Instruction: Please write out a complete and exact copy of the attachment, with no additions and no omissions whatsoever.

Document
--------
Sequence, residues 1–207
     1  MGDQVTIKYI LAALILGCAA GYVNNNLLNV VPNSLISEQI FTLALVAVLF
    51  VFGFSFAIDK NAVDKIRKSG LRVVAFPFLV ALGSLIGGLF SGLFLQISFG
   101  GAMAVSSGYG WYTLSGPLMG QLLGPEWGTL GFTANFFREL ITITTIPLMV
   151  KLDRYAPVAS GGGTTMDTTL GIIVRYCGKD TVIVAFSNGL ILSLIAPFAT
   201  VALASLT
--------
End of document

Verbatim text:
Sequence, residues 1–207
     1  MGDQVTIKYI LAALILGCAA GYVNNNLLNV VPNSLISEQI FTLALVAVLF
    51  VFGFSFAIDK NAVDKIRKSG LRVVAFPFLV ALGSLIGGLF SGLFLQISFG
   101  GAMAVSSGYG WYTLSGPLMG QLLGPEWGTL GFTANFFREL ITITTIPLMV
   151  KLDRYAPVAS GGGTTMDTTL GIIVRYCGKD TVIVAFSNGL ILSLIAPFAT
   201  VALASLT